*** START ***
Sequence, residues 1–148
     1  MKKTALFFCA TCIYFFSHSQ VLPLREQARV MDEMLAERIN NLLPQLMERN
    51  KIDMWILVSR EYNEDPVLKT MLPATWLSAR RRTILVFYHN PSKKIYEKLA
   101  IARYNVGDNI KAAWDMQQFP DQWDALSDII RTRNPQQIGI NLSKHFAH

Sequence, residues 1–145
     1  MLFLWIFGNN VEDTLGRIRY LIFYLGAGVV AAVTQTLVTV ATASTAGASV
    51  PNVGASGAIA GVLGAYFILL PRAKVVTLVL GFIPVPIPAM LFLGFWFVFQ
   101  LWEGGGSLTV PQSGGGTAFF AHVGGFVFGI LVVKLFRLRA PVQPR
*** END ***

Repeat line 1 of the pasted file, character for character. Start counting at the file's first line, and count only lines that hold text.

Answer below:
Sequence, residues 1–148